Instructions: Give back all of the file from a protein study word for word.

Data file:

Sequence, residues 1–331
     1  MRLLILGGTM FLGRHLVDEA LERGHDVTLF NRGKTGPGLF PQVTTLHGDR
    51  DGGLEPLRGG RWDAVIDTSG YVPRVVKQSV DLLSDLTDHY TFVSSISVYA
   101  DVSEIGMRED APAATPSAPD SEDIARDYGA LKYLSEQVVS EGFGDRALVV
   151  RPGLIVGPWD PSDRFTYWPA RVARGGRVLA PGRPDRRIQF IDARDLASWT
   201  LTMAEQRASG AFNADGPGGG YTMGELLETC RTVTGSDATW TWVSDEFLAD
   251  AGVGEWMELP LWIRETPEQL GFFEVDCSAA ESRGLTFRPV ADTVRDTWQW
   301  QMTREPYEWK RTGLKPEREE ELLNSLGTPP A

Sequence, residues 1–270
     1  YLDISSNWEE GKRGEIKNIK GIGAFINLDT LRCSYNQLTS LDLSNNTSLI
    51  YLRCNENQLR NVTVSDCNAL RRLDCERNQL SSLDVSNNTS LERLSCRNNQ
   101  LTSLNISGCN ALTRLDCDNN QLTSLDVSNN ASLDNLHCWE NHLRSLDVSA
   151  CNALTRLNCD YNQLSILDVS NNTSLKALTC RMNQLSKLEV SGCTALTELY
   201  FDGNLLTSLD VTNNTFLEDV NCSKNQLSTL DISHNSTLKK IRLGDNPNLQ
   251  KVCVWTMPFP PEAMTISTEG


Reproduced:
Sequence, residues 1–331
     1  MRLLILGGTM FLGRHLVDEA LERGHDVTLF NRGKTGPGLF PQVTTLHGDR
    51  DGGLEPLRGG RWDAVIDTSG YVPRVVKQSV DLLSDLTDHY TFVSSISVYA
   101  DVSEIGMRED APAATPSAPD SEDIARDYGA LKYLSEQVVS EGFGDRALVV
   151  RPGLIVGPWD PSDRFTYWPA RVARGGRVLA PGRPDRRIQF IDARDLASWT
   201  LTMAEQRASG AFNADGPGGG YTMGELLETC RTVTGSDATW TWVSDEFLAD
   251  AGVGEWMELP LWIRETPEQL GFFEVDCSAA ESRGLTFRPV ADTVRDTWQW
   301  QMTREPYEWK RTGLKPEREE ELLNSLGTPP A

Sequence, residues 1–270
     1  YLDISSNWEE GKRGEIKNIK GIGAFINLDT LRCSYNQLTS LDLSNNTSLI
    51  YLRCNENQLR NVTVSDCNAL RRLDCERNQL SSLDVSNNTS LERLSCRNNQ
   101  LTSLNISGCN ALTRLDCDNN QLTSLDVSNN ASLDNLHCWE NHLRSLDVSA
   151  CNALTRLNCD YNQLSILDVS NNTSLKALTC RMNQLSKLEV SGCTALTELY
   201  FDGNLLTSLD VTNNTFLEDV NCSKNQLSTL DISHNSTLKK IRLGDNPNLQ
   251  KVCVWTMPFP PEAMTISTEG